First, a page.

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Samsung's Note 7 woes hurt its bottom line, but things are looking up

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Given the well-publicized demise of Samsung’s ill-fated Galaxy Note 7, it was not exactly a surprise that the Seoul, South Korea-based smartphone Leviathan had a down fiscal quarter. But what was surprising was just how quickly things degenerated. During the company’s third-quarter earnings call on Wednesday, Samsung reported a seven-percent decline in revenue to $42 billion and a 30-percent nosedive in operating profit to $4.6 billion year-on-year. Predictably, the mobile division was hit hardest of all — it reported operating income of $87.9 million, down 96 percent year-over-year and the lowest in eight years.

In August, shortly after the Note 7’s worldwide debut, reports begin emerging of Note 7 units catching fire — including one that caught fire on a Southwest Airlines flight and another that burned a 13-year-old girl in Minnesota. Those incidents and others prompted airlines, public transit authorities, and businesses to issue bans on the Galaxy Note 7 and Samsung to issue a global recall of the smartphone. It pinned the problem on faulty batteries and promised to refurnish faulty Note 7 phones with “safe” replacements — replacements which, too, began spontaneously exploding. In October, Samsung halted production and stopped sales of the Note 7.

The Note 7 debacle impacted more than the company’s bottom line. According to Strategy Analytics, Samsung suffered a steep decline in market share, shipping just 75 million smartphones in the third quarter — or 10 percent less than the 83.8 million it managed to ship in the same quarter last year.

Samsung’s co-chief executive J.K. Shin apologized for the Note 7 controversy at the company’s shareholders’ meeting in Seoul. He pledged the company would “work hard” to regain investors’ trust, in part by instituting “significant” changes in its quality assurance processes. The company said it would also expand its investigations into recent catastrophic Note 7 failures “beyond batteries,” though admitted it had not yet determined a cause.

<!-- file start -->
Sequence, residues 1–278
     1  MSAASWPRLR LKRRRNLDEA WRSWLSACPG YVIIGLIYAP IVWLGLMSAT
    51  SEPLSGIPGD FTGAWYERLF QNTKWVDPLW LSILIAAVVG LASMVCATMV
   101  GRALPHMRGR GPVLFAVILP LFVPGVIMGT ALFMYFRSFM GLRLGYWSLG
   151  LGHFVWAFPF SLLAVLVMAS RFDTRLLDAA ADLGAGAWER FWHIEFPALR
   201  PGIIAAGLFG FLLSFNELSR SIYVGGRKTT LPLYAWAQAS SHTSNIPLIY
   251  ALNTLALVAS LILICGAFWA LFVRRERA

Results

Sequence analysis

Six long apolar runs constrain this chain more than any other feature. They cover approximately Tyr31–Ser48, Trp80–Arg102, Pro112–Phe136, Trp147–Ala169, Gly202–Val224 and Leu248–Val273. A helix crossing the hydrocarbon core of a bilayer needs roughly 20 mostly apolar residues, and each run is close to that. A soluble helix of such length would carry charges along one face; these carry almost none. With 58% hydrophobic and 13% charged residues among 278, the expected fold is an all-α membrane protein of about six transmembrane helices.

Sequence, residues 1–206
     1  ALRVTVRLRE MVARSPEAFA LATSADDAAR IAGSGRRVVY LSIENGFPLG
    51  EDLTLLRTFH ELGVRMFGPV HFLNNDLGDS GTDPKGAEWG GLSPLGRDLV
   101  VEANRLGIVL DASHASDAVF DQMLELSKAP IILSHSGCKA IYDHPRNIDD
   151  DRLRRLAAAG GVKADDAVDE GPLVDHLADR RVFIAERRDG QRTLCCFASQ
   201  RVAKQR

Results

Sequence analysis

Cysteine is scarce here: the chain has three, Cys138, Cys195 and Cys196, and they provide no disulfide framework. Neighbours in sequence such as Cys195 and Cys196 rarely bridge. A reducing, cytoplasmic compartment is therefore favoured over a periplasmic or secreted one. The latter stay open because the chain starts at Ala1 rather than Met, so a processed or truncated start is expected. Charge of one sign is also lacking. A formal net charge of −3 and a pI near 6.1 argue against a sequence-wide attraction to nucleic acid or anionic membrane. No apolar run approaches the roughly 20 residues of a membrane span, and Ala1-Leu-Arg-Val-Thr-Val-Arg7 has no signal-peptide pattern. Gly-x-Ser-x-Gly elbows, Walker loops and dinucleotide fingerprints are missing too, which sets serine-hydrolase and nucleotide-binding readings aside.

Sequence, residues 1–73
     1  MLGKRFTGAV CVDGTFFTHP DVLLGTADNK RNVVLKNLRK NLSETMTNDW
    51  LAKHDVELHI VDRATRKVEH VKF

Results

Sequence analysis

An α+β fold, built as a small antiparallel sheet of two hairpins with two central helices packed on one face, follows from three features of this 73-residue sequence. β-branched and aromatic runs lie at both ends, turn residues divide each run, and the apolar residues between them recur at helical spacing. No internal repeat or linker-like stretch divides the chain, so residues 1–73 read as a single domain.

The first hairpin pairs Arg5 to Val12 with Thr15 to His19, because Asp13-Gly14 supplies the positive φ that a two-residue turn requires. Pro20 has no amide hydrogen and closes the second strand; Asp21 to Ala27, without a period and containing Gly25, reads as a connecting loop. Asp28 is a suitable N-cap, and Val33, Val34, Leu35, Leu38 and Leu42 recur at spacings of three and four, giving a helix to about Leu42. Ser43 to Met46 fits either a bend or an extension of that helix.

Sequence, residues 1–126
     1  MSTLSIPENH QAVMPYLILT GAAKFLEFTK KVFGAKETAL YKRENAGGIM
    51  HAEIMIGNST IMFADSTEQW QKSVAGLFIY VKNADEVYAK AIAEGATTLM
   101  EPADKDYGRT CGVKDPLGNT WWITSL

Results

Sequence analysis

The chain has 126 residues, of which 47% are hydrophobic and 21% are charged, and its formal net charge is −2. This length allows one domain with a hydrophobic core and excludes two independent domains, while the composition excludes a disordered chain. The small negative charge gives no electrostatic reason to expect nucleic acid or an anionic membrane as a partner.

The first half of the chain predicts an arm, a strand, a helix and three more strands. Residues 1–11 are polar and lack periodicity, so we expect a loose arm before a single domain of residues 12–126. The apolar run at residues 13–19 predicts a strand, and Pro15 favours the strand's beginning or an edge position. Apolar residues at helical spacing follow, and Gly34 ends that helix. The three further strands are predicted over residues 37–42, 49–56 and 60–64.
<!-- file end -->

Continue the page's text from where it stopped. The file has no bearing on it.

It could have been worse. Samsung’s earnings were buoyed by its semiconductor business, which generated $2.9 billion on strong demand for mobile processors and premium home appliances. Increased shipments of smartphone OLED screens and large-sized LCD TV panels drove its display panel division to profits to $892 million. Samsung said it expects earnings from both businesses to improve further in the fourth quarter.

Over the long term, the company expects mobile device sales to rebound. It is projecting growth in demand for smartphone and tablets in the fourth quarter strong enough to drive profits close to the levels seen in the same period last year, or around $1.9 billion. That is despite Samsung’s warning to investors earlier this year — it estimates a $3.5 billion profit shortfall between the fourth quarter of 2016 and the first quarter of 2017.

The company is taking steps to rebuild consumer confidence. It is setting up exchange booths in airports around the world to help Note 7 owners transfer their data to an exchange device — a crucial move in the United States, where the Federal Aviation Administration has declared bringing the Note 7 onto a flight a federal crime. Samsung is also offering discounts on the company’s future flagship smartphones — widely rumored to be the Note 8 and Galaxy S8 — for customers who replace their Note 7 with another Samsung phone.

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